Think. Drink. Pink. A WARose Tasting
Don’t be such a sissy, it’s okay to drink pink wine! In fact if dudes were smart, they would jump on board the pink parade for one reason…the ladies dig pink. We’re not talking about your sweet and fruity Sutter Homes White Zinfandel kind of pink, we’re talking real, masculine, dry, flavorful, intense Rose of Sangiovese, Syrah, Grenache, and more. Gaining an appreciation for pink will open up your palate to a whole new tasting experience.
Rosé is made from red wine grapes. The most common method of production is leaving the skin in contact with the juice for 2-3 days and then discarded as fermentation continues. The skin imparts a pinkish (sometimes salmon or orange) color to the juice. Dry rosé tends to provide a much more sophisticated taste because there is little to no residual sugar. Rosé makes a perfect spring time and summer sipping wine because it is refreshing, crisp, and light. The perfect accompaniment to a day at the beach, lake, or…on a boat!
I recently participated in a rosé tasting with Paul Gregutt and Randall PR. Paul is the Northwest editor for Wine Enthusiast magazine and writes weekly columns for the Seattle Times. While Paul and several wine writers tasted through eight dry rosé from a houseboat in the Puget Sound, the event was broadcast live over the internet including great interaction through tweets and TasteLive.com
I received three of the eight wines being tasted and added one more to make for a beautiful bouquet of blossoming aroma and flavor. Listening to Paul and his guests talk through the wine tasting was quite a treat. It is pretty clear to see why Paul is such a respected member of the wine community.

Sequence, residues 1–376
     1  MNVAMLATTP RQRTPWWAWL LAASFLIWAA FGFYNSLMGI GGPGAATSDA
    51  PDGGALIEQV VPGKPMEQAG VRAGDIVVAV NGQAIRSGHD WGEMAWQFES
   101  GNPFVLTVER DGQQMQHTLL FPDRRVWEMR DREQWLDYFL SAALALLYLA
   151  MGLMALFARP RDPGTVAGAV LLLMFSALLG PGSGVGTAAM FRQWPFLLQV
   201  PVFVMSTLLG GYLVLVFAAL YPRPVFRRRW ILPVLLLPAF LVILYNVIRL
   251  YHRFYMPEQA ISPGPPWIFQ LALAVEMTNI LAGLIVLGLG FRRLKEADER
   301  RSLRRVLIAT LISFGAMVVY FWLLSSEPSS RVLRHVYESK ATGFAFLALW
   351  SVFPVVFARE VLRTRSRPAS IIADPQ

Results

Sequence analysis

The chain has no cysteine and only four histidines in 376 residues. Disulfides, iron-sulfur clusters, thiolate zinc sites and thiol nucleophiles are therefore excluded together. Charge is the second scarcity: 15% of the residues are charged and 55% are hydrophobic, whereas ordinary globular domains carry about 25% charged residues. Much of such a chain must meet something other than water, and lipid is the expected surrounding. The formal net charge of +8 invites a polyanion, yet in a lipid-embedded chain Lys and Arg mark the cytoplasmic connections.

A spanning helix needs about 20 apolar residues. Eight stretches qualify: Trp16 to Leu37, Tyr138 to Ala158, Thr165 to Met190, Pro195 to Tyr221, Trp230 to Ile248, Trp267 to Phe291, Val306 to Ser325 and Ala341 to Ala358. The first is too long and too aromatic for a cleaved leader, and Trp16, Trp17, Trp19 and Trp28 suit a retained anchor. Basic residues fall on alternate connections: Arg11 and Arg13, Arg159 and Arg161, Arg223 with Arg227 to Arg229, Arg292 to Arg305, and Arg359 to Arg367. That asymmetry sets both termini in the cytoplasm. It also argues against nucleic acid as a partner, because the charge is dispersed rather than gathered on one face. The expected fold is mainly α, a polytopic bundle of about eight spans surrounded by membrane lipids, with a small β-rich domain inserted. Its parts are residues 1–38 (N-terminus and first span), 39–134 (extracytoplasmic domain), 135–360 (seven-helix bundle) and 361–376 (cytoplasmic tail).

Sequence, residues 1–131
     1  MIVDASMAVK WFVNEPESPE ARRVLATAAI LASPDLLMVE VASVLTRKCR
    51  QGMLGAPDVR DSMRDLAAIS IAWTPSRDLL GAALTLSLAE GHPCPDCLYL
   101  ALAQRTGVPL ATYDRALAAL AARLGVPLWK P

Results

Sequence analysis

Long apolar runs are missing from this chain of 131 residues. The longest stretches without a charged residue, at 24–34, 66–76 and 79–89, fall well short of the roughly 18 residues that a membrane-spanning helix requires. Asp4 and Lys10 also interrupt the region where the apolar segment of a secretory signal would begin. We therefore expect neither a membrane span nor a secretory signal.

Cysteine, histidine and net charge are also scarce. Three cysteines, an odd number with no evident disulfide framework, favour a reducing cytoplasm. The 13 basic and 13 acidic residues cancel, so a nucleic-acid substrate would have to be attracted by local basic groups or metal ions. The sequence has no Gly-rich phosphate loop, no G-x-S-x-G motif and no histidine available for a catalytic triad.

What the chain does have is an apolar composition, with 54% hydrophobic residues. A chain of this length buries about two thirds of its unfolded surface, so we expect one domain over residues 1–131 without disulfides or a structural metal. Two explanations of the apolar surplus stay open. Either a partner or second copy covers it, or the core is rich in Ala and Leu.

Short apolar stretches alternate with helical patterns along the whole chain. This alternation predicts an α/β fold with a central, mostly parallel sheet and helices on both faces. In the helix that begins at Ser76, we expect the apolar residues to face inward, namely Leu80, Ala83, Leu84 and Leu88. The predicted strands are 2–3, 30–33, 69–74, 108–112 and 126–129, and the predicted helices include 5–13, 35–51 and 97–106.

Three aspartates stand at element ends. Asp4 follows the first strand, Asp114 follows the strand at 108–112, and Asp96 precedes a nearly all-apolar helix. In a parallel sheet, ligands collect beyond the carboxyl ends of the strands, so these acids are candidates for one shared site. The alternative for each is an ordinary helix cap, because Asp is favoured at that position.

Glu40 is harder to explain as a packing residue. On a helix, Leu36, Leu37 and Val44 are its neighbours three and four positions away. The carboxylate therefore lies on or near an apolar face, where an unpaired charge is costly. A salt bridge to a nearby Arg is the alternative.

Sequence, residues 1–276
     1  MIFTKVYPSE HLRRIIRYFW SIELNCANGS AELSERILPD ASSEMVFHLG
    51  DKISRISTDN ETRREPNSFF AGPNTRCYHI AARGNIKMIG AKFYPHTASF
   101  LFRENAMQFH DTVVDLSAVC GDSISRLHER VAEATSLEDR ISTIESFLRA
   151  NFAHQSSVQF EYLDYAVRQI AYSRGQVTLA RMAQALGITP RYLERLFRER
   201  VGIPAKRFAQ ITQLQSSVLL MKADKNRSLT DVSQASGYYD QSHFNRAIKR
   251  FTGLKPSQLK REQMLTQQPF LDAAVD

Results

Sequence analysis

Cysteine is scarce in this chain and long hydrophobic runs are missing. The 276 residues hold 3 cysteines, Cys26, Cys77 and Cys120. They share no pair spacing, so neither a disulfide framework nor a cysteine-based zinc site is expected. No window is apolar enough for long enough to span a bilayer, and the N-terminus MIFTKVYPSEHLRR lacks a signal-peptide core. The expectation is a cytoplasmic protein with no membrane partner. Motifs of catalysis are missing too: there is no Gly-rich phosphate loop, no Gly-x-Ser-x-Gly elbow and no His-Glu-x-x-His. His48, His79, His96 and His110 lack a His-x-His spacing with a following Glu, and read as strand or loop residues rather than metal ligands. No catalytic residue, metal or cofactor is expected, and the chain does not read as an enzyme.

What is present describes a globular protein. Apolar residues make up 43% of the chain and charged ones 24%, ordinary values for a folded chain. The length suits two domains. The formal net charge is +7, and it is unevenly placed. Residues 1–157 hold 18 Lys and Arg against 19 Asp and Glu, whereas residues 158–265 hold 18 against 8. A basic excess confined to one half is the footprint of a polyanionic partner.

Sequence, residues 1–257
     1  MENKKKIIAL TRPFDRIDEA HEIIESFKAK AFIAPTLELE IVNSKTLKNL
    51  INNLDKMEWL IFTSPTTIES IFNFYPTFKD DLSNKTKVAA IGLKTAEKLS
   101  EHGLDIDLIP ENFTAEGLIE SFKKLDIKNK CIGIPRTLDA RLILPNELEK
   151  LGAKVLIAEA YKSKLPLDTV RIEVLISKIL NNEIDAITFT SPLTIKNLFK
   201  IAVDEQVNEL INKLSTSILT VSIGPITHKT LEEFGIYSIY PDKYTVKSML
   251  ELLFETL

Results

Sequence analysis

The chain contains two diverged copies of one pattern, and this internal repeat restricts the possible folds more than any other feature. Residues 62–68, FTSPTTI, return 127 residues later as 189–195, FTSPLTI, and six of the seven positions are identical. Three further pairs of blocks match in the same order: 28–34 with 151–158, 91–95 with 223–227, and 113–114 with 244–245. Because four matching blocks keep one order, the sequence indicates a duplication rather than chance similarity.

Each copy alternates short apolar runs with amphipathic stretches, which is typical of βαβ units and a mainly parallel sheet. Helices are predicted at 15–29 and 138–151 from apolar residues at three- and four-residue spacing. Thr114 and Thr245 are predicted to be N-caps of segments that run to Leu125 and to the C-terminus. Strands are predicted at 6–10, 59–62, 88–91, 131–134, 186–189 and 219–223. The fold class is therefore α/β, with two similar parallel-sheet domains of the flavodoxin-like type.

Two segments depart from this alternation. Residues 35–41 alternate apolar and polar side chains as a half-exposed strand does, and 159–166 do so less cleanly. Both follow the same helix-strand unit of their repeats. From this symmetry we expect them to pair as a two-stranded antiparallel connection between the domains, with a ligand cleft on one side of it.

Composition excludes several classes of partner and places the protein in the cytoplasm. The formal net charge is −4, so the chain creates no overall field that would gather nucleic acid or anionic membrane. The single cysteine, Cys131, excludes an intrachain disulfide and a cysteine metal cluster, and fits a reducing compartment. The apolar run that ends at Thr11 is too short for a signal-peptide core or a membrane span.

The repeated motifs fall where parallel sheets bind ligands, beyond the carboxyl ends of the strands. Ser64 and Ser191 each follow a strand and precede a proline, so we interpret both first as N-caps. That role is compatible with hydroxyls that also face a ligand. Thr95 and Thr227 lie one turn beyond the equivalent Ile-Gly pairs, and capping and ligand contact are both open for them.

Things overheard on the Twitter Machine
|SeattleWineGal:||On the boat at #WARose trying not to laugh at the Ride The Ducks noises. Listen hard to hear the occasional quacking!|
|clivity:||Tyler I’m as masculine as they come & I drink #warose like its my job|
|RandallPR:||James Mantone: “this #Rosé is in direct response to our fascination with hedonistic country wines?” http://tiny.cc/vxlvi #WARose|
|nectarwine:||Paul keeps talking about lipstick for #warose. Is there something we should know about @paulgwine?|
|winebeerWA:||Winemakers in the room nodding in agreement that making rose wine is more technically difficult than white and red wines #WARose|
|imonaboat:||TWEET! #imonaboat:-> Oh my #WARose party is getting crazy with I’m on a boat. Yes I am talking crazy and looking at … http://ow.ly/17H087|
- The Stuff: 100% Rose from Sangiovese from Stone Ridge Vineyard
- The Swirl: Strawberry rhubarb color with average clarity
- The Sniff: Light scents of under-ripe strawberry and hints of peach.
- The Sip: Trying not to overuse the stereotype strawberry flavor, this wine comes across as a very bold offering with a fantastically long and crisp finish. Other flavors of peach and white flowers grace the tongue prior to being whisked away by the ample acidity.
- The Score: At $17, the Skylite Rosé is full of flowery fruit and strawberry spice. I can score this wine a 3+ out of 5 and would certainly recommend it.
2009 Barnard Griffin Rosé
- The Stuff: 100% Sangiovese; 12.4% ABV
- The Swirl: Light amethyst in color with shimmering jewelry quality. Also seems to display a slight effervescence of bubbles that dissipate a few minutes after the pour.
- The Sniff: A restrained strawberry with white pepper on the nose. Very reminiscent of a raspberry flavored tootsie pop (similar to that in color too).
- The Sip: At first taste I picked out a tart orange rind flavor that lightly gave way to a wash of cantaloupe and other melons. The effervescence continued in the mouth reminding me of strawberry flavored Nerds candy. A hint of residual sugar gives just a small touch of sweetness.